The picture and felt tip marker combination in the present invention are conveniently arranged in package form by enclosing both the magic pictures and the felt tip marker in a suitable package, such as a paper wrapper or cardboard receptacle. Indeed, the package can contain several loose printed pictures of various different designs of the type generally illustrated by FIG. 1, in combination with a felt tip marker, or alternatively, the various pictures can be bound in a coloring book form and sold in conjunction with the felt tip marker pen in a convenient package. In this connection, it must be emphasized that the drawing in FIG. 1 illustrates only one example of the cartoon-like character to be colored with the felt tip marker of the present invention and similarly, the pen represents only one embodiment of the various designs of felt tip marker which could be employed. Further, it should be emphasized that the present invention is not confined to the water-soluble aniline dyes described above, but any water-soluble coloring materials capable of being activated by water or a water solution may be employed. In other words, the above embodiments of FIGS. 1 and 2 are only examples of the picture and felt tip marking pen which can be employed herein.
Although the object of the present invention primarily involves a package combination of a magic picture and felt tip marker pen combination, the present invention also contemplates a felt tip marker pen filled with a water solution to be used and sold separately and which is designed to be ultimately used in conjunction with a magic picture. This pen is illustrated in FIG. 2 of the drawings as described above.
The coloring combination package of the present invention, besides affording excellent amusement to a child, is also an important educational tool in that it teaches color recognition and, at the same time, teaches the child control and coordination of the small muscles by learning to color within the lines designated in the various areas of the picture.
The advantages of the present invention over that of the prior art are multiform. Thus, according to the present invention, the water is housed within the felt tip marker and one does not need to use an external water source to paint the picture. This means that the package combination can be given to a child for amusement for long automobile rides or airplane trips where water is either unavailable or the use of an external water source, such as water within a basin or receptacle, would be too messy and impractical to be used. As far as the inventor knows, such a felt tip pen containing a water solution housed within the holding cavity and such magic picture coloring package has not been known up to the present invention.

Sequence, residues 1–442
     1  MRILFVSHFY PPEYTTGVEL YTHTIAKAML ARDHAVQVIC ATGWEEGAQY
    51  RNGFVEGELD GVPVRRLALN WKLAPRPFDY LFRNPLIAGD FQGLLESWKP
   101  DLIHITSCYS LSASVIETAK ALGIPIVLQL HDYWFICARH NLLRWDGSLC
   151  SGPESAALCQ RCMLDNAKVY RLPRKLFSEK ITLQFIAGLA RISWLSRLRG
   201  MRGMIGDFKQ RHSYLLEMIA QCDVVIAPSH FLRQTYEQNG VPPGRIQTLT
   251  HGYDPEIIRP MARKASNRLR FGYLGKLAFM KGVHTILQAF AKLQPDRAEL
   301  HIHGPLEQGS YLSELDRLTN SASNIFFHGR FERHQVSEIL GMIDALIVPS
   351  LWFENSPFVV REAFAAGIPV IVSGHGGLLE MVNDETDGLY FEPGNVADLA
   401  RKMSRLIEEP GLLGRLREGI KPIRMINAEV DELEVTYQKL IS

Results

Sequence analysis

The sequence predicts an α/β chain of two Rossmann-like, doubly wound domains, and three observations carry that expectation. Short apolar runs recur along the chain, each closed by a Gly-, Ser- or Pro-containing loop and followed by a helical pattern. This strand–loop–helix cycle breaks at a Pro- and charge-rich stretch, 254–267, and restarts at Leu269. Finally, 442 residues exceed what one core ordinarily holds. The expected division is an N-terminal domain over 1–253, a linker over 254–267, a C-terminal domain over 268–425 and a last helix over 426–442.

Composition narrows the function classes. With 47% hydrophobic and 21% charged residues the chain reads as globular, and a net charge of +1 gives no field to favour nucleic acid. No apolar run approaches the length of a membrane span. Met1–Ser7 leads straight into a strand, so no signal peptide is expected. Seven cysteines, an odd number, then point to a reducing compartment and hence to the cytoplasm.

Further, the use of water or a water solution within the pen itself enables one to color accurately within the figure without splashing the water all over the drawing because the water is metered out in small amounts to activate the invisible coloring substance without forming pools of smeared water colors on the paper.
Finally, according to the present invention, the water within the felt tip pen housing preferably contains a water evaporation inhibitor, which inhibitor prevents evaporation of the water solution. This means that the pen can be used for a long duration of time to color several figures without drying up. Typical evaporation inhibitors which can be employed are various glycols, such as propylene or dipropylen glycol or butylene glycol.
It can be seen from the above that the use of the felt tip marker containing water therein and the picture-pen combination of the present invention greatly expands the practical use of such magic coloring device and is much more practical and convenient than the typical applicatorpicture combination previously known, wherein an external water source had to be employed.
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|U.S. Classification||206/575, 434/84, 401/198|
|International Classification||A63H33/22, B44D3/04|
|Cooperative Classification||B44D3/04, A63H33/22|
|European Classification||B44D3/04, A63H33/22|